Travel, cake and taxes: 6 essential articles for life in France

From a glimmer of hope for UK travellers to the France's high-speed internet plans, via one final Christmas treat, here's our pick of six recent articles that will help you to better understand life in France.

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French internet coverage and mobile roaming charges in the EU were among our recent headlines. Photo: Denis Charlet / AFP

After tightening travel restrictions to and from the UK the weekend before Christmas in an ultimately failed attempt to stop the Omicron variant sweeping across France, the French government this week decided to relax some of its travel measures.

The first raft of changes are relatively small, and focus on a slight enlargement of France’s “essential travel” category. So, for now some questions remain – and we’ve done our best to answer as many as we can.

When will France fully lift travel restrictions on the UK?

Throughout the pandemic, with all its travel restrictions, curfews, work from home rules and lockdown (remember Spring 2020?), online communication exploded. Meetings took place via Zoom, while Slack took the online intra-business chat world by storm. Streaming video on demand services like Netflix, Amazon Prime and Disney Plus picked up subscribers by the bucketload. 

Now, France claims to have the widest high-speed internet coverage of any country in Europe. Two-thirds of French households currently have access to high-speed internet. The government wants to ensure that 80 percent of French households will have access by the end of 2022 and that the entire country is covered by 2025. 

So we asked the obvious question: Is France’s plan for nationwide high-speed internet by 2025 on track? If you live in a bit of France that currently does not benefit from high-speed internet access, you may be surprised.

And we found that France’s electronic communications regulator, ARCEP, knows when the remaining 33 percent of the country will join the high-speed internet revolution.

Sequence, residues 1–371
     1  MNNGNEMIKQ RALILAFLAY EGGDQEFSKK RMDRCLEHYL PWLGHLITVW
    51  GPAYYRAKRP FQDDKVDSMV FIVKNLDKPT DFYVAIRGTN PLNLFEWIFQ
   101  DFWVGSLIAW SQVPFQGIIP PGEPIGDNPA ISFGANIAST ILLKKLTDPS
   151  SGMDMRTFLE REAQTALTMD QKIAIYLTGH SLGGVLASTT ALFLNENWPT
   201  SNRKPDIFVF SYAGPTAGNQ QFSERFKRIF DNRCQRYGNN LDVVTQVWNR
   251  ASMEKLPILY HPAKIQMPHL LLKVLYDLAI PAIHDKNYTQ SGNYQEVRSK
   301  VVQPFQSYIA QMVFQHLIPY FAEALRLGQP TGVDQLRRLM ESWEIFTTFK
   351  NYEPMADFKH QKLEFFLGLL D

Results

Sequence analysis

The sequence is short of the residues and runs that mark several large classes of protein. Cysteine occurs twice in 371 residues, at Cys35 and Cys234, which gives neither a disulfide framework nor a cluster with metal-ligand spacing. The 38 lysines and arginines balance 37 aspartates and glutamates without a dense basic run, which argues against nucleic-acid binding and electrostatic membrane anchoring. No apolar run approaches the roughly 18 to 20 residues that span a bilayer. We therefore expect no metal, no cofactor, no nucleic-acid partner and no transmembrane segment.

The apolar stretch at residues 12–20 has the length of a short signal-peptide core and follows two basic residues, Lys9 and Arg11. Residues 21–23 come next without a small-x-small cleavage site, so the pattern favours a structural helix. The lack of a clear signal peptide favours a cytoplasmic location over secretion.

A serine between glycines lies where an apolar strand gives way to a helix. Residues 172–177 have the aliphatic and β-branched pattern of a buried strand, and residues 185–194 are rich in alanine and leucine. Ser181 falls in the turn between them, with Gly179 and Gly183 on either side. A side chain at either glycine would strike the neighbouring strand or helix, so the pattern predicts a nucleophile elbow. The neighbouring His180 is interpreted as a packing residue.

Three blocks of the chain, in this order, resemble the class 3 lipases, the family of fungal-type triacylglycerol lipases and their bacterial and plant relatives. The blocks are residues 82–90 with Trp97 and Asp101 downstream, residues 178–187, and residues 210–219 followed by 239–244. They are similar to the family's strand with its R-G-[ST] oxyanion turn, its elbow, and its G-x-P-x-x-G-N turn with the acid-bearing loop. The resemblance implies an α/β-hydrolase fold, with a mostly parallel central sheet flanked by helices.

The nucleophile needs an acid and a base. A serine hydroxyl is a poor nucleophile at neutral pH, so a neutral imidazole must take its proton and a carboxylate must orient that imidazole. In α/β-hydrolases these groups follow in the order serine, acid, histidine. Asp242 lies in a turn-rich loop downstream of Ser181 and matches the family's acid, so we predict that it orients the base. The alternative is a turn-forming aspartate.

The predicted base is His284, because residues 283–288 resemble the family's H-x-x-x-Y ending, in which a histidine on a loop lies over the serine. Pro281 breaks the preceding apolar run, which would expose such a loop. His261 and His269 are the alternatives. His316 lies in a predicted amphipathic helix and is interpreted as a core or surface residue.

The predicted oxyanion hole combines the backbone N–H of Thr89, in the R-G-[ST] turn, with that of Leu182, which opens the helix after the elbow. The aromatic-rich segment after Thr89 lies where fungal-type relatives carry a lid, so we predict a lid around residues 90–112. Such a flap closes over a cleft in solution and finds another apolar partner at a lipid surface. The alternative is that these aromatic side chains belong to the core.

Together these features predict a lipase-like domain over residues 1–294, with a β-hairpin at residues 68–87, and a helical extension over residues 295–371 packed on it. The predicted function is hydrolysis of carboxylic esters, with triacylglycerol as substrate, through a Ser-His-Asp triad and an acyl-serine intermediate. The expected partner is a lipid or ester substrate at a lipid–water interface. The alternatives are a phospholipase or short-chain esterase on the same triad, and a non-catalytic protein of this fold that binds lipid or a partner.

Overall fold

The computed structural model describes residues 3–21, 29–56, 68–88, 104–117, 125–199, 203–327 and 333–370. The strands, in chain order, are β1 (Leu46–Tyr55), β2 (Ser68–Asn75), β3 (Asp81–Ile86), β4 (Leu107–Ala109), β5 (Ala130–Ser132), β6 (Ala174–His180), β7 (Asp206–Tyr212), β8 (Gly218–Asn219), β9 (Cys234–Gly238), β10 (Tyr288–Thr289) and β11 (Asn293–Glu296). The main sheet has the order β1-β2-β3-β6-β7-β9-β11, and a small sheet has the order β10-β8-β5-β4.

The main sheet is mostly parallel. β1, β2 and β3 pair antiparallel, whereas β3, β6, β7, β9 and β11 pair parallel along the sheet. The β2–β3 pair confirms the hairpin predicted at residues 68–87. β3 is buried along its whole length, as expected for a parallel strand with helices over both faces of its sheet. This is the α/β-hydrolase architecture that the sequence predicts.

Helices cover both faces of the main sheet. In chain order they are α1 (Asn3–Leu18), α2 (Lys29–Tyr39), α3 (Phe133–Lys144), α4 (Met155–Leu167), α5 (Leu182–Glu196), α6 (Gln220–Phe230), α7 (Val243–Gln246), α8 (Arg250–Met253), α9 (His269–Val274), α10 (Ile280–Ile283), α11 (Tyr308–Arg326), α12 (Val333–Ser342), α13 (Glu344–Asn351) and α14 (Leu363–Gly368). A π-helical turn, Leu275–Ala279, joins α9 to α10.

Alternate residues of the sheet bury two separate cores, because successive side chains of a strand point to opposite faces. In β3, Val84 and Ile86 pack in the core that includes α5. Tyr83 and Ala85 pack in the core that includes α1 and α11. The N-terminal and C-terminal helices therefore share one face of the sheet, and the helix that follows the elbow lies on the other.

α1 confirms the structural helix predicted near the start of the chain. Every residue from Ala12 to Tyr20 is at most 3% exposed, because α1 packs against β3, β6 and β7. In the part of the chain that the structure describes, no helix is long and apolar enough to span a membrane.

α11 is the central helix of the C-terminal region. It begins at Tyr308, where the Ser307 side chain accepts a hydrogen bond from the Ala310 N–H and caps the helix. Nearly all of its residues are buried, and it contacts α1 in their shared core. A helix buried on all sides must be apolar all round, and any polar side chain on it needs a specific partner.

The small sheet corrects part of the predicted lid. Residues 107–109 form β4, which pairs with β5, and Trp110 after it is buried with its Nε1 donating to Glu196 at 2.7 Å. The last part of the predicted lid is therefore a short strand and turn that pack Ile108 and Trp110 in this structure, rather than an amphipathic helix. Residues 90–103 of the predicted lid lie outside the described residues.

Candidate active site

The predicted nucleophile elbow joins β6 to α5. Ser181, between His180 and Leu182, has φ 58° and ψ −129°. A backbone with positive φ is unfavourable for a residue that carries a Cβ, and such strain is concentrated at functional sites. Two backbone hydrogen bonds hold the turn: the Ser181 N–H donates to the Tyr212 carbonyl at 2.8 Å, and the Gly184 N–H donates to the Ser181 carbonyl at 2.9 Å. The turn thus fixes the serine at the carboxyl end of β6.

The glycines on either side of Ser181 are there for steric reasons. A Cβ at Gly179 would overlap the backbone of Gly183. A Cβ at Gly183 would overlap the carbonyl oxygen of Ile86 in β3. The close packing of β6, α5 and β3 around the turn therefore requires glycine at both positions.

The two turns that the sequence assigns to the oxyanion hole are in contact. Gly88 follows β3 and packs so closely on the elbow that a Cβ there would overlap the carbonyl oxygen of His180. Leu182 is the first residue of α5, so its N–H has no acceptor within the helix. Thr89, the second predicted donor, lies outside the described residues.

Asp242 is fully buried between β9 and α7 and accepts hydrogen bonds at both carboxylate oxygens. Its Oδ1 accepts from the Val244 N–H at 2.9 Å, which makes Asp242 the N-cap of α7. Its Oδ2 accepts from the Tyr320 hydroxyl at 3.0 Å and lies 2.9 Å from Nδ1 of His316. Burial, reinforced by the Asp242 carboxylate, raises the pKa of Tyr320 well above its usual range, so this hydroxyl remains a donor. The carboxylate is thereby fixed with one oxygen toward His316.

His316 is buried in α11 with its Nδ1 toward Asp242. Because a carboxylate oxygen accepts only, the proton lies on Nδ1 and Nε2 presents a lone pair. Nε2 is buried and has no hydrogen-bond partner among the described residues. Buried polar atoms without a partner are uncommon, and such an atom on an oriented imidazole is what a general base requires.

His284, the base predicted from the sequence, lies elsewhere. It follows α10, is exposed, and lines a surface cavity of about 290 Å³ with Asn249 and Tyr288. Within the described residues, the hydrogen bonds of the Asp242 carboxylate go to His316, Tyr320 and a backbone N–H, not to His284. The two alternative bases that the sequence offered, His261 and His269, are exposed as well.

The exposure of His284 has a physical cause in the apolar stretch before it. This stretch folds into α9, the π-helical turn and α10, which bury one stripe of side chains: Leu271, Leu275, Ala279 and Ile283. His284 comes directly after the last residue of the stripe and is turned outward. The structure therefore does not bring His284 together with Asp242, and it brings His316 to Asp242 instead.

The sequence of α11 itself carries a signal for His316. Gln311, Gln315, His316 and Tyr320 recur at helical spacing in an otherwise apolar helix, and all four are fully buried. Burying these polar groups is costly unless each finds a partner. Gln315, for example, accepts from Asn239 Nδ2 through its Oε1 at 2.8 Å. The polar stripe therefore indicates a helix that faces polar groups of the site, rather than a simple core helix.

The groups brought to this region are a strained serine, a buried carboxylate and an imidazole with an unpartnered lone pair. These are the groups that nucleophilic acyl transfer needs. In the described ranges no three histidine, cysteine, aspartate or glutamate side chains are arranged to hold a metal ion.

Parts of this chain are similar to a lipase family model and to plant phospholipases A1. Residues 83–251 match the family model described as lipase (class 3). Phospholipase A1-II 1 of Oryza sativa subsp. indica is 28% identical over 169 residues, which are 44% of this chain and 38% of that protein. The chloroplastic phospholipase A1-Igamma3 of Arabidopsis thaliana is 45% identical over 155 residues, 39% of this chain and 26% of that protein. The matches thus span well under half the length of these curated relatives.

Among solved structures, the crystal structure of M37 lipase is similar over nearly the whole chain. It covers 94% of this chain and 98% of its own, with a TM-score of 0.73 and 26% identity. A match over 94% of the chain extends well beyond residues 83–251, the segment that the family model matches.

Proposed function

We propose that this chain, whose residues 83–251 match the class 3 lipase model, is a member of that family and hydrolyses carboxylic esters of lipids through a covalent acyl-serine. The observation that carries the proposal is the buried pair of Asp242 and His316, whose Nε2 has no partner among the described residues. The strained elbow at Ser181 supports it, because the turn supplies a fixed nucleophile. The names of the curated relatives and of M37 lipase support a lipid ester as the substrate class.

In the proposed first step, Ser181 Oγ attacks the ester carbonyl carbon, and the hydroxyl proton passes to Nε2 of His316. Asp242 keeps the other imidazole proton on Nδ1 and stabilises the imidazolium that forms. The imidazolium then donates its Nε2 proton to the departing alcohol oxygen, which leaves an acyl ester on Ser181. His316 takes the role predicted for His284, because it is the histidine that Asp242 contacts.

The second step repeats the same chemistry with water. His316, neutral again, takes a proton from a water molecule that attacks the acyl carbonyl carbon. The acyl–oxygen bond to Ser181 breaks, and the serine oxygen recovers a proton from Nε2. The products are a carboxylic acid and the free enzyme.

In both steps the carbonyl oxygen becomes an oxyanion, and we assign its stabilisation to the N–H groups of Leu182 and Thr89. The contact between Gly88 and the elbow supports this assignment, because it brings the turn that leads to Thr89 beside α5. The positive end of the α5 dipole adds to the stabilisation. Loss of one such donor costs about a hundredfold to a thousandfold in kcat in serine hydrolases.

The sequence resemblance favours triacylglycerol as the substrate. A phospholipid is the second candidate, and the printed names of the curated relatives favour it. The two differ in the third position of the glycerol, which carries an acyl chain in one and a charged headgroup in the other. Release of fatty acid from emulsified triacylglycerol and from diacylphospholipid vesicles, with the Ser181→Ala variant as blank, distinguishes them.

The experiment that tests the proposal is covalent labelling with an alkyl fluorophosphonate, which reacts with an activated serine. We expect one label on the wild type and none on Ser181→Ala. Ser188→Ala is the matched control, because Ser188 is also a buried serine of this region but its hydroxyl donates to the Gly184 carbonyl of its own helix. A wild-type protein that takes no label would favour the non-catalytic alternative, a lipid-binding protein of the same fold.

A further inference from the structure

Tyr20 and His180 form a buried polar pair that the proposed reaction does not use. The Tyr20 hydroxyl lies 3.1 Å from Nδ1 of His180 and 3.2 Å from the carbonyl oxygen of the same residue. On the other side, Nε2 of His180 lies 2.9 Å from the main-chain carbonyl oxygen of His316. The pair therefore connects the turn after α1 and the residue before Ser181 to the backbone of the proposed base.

MAP: When will my part of rural France get high-speed internet?

Meanwhile, as UK mobile phone network operators get ready to reintroduce roaming charges, while most EU operators seem set to keep the ‘free to roam’ status quo we outline what new charges are in store for travellers from the UK to France and beyond.

How roaming charges will hit travellers between the UK and EU in 2022

Christmas may be over for another year, as the French return to work – but they don’t  like to let the festive period go without one final hurrah. Cue Epiphany, officially the Christian holiday commemorating the Magi’s visit to the baby Jesus. 

In France, that’s an excuse to put off the diet just a while longer and enjoy one last blowout on a delicious galette des rois. Or two. Or three. Sadly, there’s a higher price this year than your expanding waistline…

Why the French Galette des Rois is getting more expensive

Speaking of paying the piper, here are a few important financial dates for your diaries in 2022.

The French tax calendar for 2022 – which taxes are due when?

Finally, from Brits needing residency cards to free contraception, here are some of the changes coming to France this year you should know about. 

What changes in France in 2022?

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What you need to know about microchipping your pet in France

Under French law, dogs, cats and ferrets that are kept as pets must be identified and registered on a national database.

What you need to know about microchipping your pet in France

The animal must be identifiable by a tattoo or microchip – the most common method – registered on the Identification des carnivores domestiques (I-CAD) database. 

All dogs aged four months and over, cats over seven months old, and ferrets born after November 1st, 2021, that are over seven months old that were, must be tagged in this way. This also offers pet owners peace of mind as it means they can be easily identified and returned if they go missing, as pets sometimes do.

READ ALSO Do you really need a licence if your cat has kittens in France?

The procedure to insert the microchip, or ink the tattoo, must be carried out by an approved professional. The procedure should be done by a vet and costs between €40 and €70.

For anyone who has travelled to France from another country with a pet, the animal will already be microchipped – and on the register. But if the animal joined a family while in France, a trip to the vet may be in order.

READ ALSO Paperwork and shots: How to bring a pet to France from the USA

Once the animal is registered on the database, the owner will receive a letter from I-CAD, along with a credit card-sized document listing the registered animal’s details, including its home address.

It is up to the owner to ensure the details remain correct, including notifying the database operators of any change of address. This can be done via the I-CAD website. Alternatively, you could use the Filalapat app (download for free here), or the more traditional postal service.

As well as declaring any change of address, you should also inform the database operators if you are giving up the animal, or if it dies.

Under a 2021, first-time buyers of cats or dogs have to sign a ‘certificate of commitment and understanding’ before they are allowed to purchase a pet. 

After the signed document is delivered to the authorities, future owners have seven days to change their mind – the idea is to prevent people from ‘impulsively’ buying pets only to abandon them later.